A Federal High Court in Abuja was on Tuesday told how the Office of the National Security Adviser (ONSA) paid N1.4 billion to 78 firms including Destra Investment Limited owned by Peoples Democratic Party (PDP) spokesman, Olisa Metuh for non-existent contracts.
The shocking disclosure was contained in a document – an electronic mandate – tendered before the court by the prosecution in Metuh’s trial before Justice Okon Abang.
The document, tendered through a legal adviser of the ONSA, Mr. Bali Ndam, was said to have been issued by former NSA Sambo Dasuki, to the Abuja branch of the Central Bank of Nigeria (CBN), authorising various sums of money running into N1.4 billion.
“What is written on the document is payment for security services,” said Ndam, while testifying in the case. Ndam was led in evidence by lead prosecution lawyer, Sylvanus Tahir.
Although the prosecution accused Metuh of receiving N400 million from the ONSA for the presidential campaign of the PDP, Ndam, when confronted with the document by Metuh’s lawyer, Onyechi Ikpeazu (SAN) read out the document, where it stated that the ONSA paid Metuh for providing “three operational vehicles.”
Ndam, who testified as the third prosecution witness, said investigation into the arms scandal was informed by a petition from NSA Babagana Monguno, dated November 28, last year. According to the witness, “a list of companies and individuals about 78 in number” was attached to the NSA’s petition to the EFCC.
Ndam said he remembered very well that Metuh’s firm, Destra Investments Limited, now charged with Metuh, was one of the 78 beneficiaries of the allegedly fraudulent payment.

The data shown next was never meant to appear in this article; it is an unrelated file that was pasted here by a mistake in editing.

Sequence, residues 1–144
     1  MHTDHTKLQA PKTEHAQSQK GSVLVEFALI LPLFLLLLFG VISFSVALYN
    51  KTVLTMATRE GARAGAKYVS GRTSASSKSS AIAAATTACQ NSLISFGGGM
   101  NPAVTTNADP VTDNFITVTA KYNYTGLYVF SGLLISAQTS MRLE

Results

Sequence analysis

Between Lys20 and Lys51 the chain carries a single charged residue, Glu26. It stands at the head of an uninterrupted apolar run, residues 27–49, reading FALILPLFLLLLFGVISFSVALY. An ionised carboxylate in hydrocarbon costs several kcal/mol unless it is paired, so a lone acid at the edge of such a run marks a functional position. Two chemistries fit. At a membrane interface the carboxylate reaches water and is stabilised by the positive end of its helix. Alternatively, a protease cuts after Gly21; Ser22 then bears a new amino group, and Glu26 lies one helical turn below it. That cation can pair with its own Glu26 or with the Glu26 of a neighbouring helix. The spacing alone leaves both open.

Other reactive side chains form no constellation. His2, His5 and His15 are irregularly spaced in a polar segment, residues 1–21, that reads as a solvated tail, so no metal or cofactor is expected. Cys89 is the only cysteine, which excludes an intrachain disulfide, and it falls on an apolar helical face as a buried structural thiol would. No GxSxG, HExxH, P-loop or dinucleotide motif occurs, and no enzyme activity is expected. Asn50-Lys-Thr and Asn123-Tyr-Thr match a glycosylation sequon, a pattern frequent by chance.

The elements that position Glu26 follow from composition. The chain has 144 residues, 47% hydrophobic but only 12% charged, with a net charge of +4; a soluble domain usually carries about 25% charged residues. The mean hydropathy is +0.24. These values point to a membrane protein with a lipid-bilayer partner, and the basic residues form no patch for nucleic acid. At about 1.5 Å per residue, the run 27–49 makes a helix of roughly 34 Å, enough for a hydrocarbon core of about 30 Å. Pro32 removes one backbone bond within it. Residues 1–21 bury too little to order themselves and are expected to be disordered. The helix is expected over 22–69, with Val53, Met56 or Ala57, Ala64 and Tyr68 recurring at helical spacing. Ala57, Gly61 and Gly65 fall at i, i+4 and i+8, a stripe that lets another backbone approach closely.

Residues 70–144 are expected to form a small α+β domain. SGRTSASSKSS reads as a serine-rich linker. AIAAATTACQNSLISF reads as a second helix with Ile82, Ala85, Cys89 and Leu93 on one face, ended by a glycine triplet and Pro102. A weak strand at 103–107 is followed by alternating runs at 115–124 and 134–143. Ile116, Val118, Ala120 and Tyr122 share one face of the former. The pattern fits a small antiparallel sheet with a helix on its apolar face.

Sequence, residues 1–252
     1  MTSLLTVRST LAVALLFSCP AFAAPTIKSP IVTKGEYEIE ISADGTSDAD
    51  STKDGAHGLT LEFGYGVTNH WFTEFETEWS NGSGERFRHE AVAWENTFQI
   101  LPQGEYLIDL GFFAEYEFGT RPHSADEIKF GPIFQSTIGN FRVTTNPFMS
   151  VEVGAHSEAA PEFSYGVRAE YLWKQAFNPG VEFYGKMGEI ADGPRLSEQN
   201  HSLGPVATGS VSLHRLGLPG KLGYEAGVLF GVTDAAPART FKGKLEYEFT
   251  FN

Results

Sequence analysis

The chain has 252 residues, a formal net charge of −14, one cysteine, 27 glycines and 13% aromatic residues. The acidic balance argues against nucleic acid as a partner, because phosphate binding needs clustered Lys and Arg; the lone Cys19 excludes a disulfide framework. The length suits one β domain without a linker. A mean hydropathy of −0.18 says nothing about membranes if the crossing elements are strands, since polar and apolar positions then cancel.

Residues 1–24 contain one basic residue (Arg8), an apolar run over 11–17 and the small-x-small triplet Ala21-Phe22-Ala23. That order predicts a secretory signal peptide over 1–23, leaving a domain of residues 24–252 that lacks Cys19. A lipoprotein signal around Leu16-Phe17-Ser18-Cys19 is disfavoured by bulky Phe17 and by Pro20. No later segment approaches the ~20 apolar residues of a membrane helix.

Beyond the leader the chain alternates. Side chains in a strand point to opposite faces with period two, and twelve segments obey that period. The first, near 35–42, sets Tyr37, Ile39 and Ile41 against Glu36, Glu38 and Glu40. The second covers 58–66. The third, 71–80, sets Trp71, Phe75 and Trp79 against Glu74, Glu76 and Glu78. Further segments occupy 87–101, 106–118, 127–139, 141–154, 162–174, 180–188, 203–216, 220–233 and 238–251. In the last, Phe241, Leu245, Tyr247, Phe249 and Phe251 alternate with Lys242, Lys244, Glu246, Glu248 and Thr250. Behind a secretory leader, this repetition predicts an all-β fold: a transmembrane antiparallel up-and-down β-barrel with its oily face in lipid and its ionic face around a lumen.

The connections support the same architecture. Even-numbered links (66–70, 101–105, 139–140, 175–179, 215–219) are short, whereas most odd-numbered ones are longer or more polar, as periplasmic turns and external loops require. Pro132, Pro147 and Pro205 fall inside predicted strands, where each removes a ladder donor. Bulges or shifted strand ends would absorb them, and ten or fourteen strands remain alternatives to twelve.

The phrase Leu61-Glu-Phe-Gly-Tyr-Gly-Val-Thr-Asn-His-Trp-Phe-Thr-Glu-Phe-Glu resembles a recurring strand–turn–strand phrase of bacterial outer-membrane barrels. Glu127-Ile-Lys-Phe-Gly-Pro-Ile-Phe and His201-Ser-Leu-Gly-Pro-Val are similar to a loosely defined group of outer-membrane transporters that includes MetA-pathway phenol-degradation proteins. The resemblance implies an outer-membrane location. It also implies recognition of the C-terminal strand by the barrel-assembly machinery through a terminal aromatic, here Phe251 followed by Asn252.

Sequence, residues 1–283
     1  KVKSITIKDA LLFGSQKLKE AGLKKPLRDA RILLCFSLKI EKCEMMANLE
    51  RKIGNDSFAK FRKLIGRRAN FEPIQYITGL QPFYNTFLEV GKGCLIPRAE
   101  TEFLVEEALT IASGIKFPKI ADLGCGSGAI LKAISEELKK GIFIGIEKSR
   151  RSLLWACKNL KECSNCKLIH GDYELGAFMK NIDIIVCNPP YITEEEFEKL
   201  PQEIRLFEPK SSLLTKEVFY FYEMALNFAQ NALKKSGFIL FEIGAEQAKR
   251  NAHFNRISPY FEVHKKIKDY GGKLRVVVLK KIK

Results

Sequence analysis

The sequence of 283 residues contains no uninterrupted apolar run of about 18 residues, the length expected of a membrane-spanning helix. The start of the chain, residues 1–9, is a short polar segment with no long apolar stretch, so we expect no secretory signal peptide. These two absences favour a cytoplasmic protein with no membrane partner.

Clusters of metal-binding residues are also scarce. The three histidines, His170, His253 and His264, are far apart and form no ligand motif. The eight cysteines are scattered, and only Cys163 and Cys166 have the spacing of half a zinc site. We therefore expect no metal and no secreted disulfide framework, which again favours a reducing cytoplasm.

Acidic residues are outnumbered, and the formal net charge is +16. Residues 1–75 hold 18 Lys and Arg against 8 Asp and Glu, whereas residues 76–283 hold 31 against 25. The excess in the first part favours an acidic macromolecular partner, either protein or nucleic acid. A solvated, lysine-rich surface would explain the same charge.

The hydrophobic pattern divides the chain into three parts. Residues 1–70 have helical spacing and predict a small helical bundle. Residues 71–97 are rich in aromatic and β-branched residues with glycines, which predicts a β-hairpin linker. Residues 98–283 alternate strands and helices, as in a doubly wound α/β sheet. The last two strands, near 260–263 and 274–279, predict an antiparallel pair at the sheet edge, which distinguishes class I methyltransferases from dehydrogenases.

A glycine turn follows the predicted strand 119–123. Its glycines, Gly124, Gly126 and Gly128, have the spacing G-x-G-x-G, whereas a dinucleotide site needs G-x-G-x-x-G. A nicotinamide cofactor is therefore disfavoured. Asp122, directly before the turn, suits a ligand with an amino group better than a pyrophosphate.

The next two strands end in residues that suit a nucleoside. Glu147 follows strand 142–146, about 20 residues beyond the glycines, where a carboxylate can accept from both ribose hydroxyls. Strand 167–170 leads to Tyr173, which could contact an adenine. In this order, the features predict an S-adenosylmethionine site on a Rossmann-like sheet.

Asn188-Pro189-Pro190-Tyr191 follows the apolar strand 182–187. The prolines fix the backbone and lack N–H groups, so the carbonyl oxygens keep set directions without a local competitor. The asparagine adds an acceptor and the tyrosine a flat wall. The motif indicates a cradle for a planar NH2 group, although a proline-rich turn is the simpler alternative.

“On November 28, 2015, the ONSA forwarded a letter to the Chairman of EFCC and the title of the letter was ‘payment of contracts without award’ for their necessary action.
“The letter forwarded a list of companies and individuals covering almost about 78. The one I can remember vividly is Destra Investment Limited.
“Following the letter, the EFCC sent a letter to the ONSA requesting e-payment mandate for these companies. The (EFCC’s) letter, dated January 13, 2016 and signed by one Ibrahim Musa.
“The ONSA replied the request of EFCC forwarding the list of e-payment mandate, number 0799 to the EFCC on January 14, 2016. It was signed by one M. Abdulraheem, Group Captain. After the letter was forwarded to EFCC, I was also invited to write a statement which I did,” Ndam said.
Effort by Ikpeazu to prevent the admission of the document and petition as exhibits failed as the judge overruled Ikpeazu’s objection.
While being cross-examined, Ikpeazu told Ndam that his witness statement was made after the charge against Metuh was filed, was only “procured to manufacture evidence to entangle the defendants”.
The judge is expected to take argument today in Metuh’s pending application for variation of the conditions of bail granted him by the court.
By Olisemeka Obeche